Business, Economics, and the Debt Ceiling Crisis

I just got back from the International Academy of Business and Public Administration Disciplines (IABPAD) conference in Hawaii. All the economists there were aghast at what Congress is doing to the US economy. These are people who teach at business colleges and are presumably pro-business. Indeed, many of them came from the business world before taking up teaching. One paper, done well before this insanity started, looked at what influences the rate of consumer savings in the US. This is important because we are a consumer-based economy. While a certain amount of saving is a good thing, if it gets too high, that acts as a drag on growth. They found that the two most important factors impacting the savings rate — the percentage of personal income that gets saved — were personal net worth and the general interest rate. If net worth was up, spending was up. On the other hand, if interest rates were up, spending was down.

What has this to do with today? Well, failure to raise the debt ceiling will lower foreign confidence in the US. Not in our ability to pay, but in our willingness to pay. US securities will no longer be risk-free, because Congressional Risk will have to be added to the other forms of risk, like Exchange Rate Risk. That will raise interest rates. Among other things, those higher interest rates will kill the housing market. At the same time, you can expect the stock market to tank, because of the uncertainty (you know, the thing that Republicans are always saying hurts businesses), and because of the interest rates. The result will be a drastic drop in individual net worth.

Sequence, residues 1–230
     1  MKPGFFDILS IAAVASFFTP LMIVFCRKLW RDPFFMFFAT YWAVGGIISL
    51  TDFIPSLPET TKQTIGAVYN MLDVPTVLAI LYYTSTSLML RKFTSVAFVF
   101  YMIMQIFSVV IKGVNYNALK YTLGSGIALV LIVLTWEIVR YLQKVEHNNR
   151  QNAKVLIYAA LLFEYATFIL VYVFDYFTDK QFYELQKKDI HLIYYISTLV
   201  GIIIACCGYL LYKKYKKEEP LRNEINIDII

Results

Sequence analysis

So, the combination of decreasing net worth and increasing interest rates will drastically increase the savings rate. Which, by the way, has already climbed back toward pre-1980’s levels. That will kill consumer spending, and reverse our recovery from the Great Recession.

The data isn’t available yet, but I wouldn’t be surprised if all of those government workers, and Social Security pensioners, and US military families, hadn’t already cut spending to the bone, because they aren’t sure if they can make it through August without a paycheck — it’s not been so very long since lower-ranking enlisted families qualified for food stamps. And the civilians in towns and cities with a significant military presence are cutting their spending, because they can see the military cutting back.

So, as one commentator put it, the damage has already been done. No-one is going to trust that the US government won’t go insane, again, at some point in the future.

This crisis didn’t have to happen. For one thing, this isn’t the worst Debt/GNP ratio we’ve ever had. Over the history of the US, it ranks about 7th. For another thing, there’s no reason to have a debt-ceiling law in the first place. Only one other country in the world has one. The fact is, as one commentator has pointed out, when Congress approves a certain tax structure (income) and a certain spending structure for a given year, such that income is less than spending, they have already approved an increase in debt, because that's the only way that can happen. The debt ceiling law is an unnecessary self-inflicted wound.

The whole thing is a manufactured crisis. Deliberately manufactured by the Republicans. Presumably, their hope is that they can crash the economy and climb back to power on the rubble.

I used to be a Republican. I don't admit that to people very much any more.

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